Al-Qaeda in the Islamic Maghreb (AQIM) threatened Western companies and enterprises operating in North Africa and the Sahel, especially those owned by French, and called on Muslims to boycott them.
Nusrat al-Islam wal Muslimeen (NIM), al-Qaeda’s (AQ) branch in Mali, released an audio speech from its deputy leader urging Muslims in the Sahel and Sahara not to become proxies for France and enter into conflict with the fighters.
An Islamic State (IS)-pledged Mauritanian fighter criticized the United States for his terrorist designation by the State Department, and incited jihadists to act.
As the al-Qaeda (AQ) affiliated Nusrat al-Islam wal-Muslimeen (NIM) becomes increasingly active in Mali, foreign energy companies operating in the region remain at high risk.
Al-Qaeda’s (AQ) branch in Mali, Nusrat al-Islam wal Muslimeen (NIM), released a video on men confessing to spying for the Mauritanian intelligence, and threatening France and its allies with a "heavy price" to be paid for espionage.
A pro-Islamic State (IS) Telegram account forwarded a message calling on “Islamic State supporters everywhere” to attack non-believers in embassies, clubs, and cafés, and ministries, asking, “Where are the lone wolves??”
The Sahara division of al-Qaeda in the Islamic Maghreb (AQIM) claimed credit for the assassination of Hammatta Ag Oumalha, a Malian army officer, outside his home in Timbuktu, and threatened similar "traitors".
Al-Ribat Media Foundation, the media arm of al-Qaeda in the Islamic Maghreb's (AQIM) al-Murabitoon division, called on Malian Muslims in the country's desert region to support jihad, and promoted a December 2012 message from Moktar Belmokar.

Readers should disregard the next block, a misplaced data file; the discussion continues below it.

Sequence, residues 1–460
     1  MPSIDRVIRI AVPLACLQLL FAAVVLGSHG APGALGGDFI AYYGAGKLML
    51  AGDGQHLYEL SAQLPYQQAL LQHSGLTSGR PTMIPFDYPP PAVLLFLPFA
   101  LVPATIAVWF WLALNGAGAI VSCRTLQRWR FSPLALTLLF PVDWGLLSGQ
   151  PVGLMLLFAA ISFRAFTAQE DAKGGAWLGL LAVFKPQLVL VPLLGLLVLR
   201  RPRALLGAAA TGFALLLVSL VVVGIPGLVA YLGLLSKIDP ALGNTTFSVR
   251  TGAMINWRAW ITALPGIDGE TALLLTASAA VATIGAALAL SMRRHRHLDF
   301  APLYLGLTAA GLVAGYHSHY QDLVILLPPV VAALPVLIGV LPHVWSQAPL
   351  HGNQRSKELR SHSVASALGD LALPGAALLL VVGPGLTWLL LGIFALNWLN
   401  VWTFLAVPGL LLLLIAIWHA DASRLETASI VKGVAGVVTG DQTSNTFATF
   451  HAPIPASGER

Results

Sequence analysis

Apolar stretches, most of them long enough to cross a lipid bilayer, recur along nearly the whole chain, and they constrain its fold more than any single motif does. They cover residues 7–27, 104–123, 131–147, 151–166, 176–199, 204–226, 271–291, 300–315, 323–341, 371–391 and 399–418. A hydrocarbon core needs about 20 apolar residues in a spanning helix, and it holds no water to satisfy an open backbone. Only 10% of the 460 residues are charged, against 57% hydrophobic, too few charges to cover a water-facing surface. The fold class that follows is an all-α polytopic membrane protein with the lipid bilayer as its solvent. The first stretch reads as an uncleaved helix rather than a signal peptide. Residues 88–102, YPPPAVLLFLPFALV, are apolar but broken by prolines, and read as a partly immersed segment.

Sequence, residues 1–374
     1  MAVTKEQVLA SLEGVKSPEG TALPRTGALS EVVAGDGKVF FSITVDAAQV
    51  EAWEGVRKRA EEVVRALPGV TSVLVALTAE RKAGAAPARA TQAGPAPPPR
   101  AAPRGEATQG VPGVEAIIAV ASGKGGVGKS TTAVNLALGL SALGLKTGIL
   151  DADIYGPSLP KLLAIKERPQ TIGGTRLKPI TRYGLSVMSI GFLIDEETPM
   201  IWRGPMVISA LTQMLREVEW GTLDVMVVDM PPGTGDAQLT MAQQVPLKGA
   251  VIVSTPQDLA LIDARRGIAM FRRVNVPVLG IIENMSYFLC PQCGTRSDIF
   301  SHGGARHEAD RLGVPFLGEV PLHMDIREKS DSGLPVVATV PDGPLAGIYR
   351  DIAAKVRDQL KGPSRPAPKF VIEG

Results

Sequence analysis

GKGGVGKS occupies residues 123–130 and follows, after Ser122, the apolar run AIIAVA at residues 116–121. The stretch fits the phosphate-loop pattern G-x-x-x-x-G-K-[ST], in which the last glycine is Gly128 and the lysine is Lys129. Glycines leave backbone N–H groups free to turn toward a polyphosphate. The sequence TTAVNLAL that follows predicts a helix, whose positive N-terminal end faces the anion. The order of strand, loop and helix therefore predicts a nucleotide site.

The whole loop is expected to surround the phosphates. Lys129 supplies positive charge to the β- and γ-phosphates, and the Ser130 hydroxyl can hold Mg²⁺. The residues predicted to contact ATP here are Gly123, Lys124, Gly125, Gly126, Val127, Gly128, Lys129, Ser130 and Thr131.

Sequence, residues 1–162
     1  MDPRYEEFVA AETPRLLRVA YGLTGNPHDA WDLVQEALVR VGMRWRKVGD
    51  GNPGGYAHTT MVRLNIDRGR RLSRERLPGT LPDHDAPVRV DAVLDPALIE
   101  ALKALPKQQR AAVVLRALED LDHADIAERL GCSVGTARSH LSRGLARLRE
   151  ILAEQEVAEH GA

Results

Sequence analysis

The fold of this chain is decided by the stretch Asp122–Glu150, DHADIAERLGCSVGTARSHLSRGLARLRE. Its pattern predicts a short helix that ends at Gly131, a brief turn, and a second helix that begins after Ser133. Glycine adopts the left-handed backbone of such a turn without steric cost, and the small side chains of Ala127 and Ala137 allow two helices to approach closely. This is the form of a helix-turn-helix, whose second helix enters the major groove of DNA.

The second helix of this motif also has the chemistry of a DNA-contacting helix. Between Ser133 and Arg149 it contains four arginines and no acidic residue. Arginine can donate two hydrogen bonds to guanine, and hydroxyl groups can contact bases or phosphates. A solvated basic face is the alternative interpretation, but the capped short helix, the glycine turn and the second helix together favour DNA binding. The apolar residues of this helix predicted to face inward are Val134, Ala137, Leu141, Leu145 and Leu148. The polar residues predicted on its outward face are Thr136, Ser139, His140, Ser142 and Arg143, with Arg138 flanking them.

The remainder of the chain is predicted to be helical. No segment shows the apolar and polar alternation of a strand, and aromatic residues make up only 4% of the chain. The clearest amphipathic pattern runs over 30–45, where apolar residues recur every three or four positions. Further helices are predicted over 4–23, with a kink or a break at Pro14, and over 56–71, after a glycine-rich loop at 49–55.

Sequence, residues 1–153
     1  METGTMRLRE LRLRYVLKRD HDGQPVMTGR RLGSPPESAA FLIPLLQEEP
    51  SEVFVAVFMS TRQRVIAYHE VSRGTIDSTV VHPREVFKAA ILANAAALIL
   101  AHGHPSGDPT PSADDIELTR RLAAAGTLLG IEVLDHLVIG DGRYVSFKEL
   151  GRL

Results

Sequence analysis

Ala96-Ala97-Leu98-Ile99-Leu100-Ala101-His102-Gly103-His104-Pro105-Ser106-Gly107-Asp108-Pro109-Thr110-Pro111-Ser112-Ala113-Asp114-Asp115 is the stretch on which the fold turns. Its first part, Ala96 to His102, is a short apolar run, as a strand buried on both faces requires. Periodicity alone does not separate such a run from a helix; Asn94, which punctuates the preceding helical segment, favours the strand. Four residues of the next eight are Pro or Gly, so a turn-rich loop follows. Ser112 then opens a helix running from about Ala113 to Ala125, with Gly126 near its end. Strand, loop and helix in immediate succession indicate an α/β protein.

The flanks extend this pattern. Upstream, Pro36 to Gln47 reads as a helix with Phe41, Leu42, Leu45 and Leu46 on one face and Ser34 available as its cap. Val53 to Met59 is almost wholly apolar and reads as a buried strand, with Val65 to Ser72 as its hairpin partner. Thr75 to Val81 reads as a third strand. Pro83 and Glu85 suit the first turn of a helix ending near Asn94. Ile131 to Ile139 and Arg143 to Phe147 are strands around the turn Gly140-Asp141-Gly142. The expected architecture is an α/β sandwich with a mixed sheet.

An Islamic State (IS) fighter from the African island nation of Mauritius appeared with his three daughters in a video from the group’s Ninawa Province, calling on his fellow countrymen in English and French to immigrate to and join the IS.
The Sahara branch of al-Qaeda in the Islamic Maghreb (AQIM) released an audio speech from Abu Abdul Rahman Ali al-Sanhaji, the group’s deputy Shariah judge, inciting Muslims in North and West Africa for jihad.
Al-Qaeda in the Islamic Maghreb (AQIM) released a video showing the work of its preaching convoys in the Sahara, visiting a village and promoting unity and jihad.
Fighters in the Sahara division of al-Qaeda in the Islamic Maghreb (AQIM) challenged France and its allies in Mali and called upon Muslims join them in the battlefield, and also incited for lone-wolf attacks in France in a video.
Al-Qaeda in the Islamic Maghreb (AQIM) distributed via its "Muslim Africa" Twitter account a guide to download and install Tor (The Onion Router) as the first episode in a series on "electronic jihad".
Al-Qaeda in the Islamic Maghreb (AQIM) released a video speech from a Mauritanian member of its Shariah Committee, Abu Yahya al-Shanqiti, pledging support to Mauritanian prisoners and urging people to share in what they deem as their responsibility.
The Ansar al-Mujahideen Network announced an open interview opportunity with Abu Yahya al-Shanqiti, a Mauritanian member of al-Qaeda in the Islamic Maghreb's (AQIM) Shariah Committee, and presented a brief autobiography from the official.
Al-Qaeda in the Islamic Maghreb (AQIM) released a message from a member of its Shariah Committee, Abu Yahya al-Shanqiti, urging Mauritanian Muslims to take action over a US Marine reportedly hitting and killing a preacher with his car in the capital, Nouakchott.
Al-Qaeda in the Islamic Maghreb (AQIM) published a biography of Muhammadu ibn Muqam al-Hasani al-Shanqiti (AKA Abu Khaythama), a Mauritanian fighter and poet in its ranks who was killed during a "jihadi mission" in Tunisia.
Al-Qaeda in the Islamic Maghreb (AQIM) released an audio speech from Abu Yahya al-Shanqiti, a member of its Shariah Committee, asking Mauritanian scholars to support jihad and offer prayers for Muslims in Mali.
Abu Ayyub al-Mahdi (AKA Ahmed Salim bin al-Hassan), the imprisoned leader of Ansar al-Shariah in Mauritania, reiterated that he is not affiliated with al-Qaeda in an audio message attributed to him.
Sanda Ould Bouamama, the spokesman for the Mali-based Ansaruddin Movement, reportedly left the group and desires to surrender to Algerian authorities and demand deportation to Mauritania to stand trial.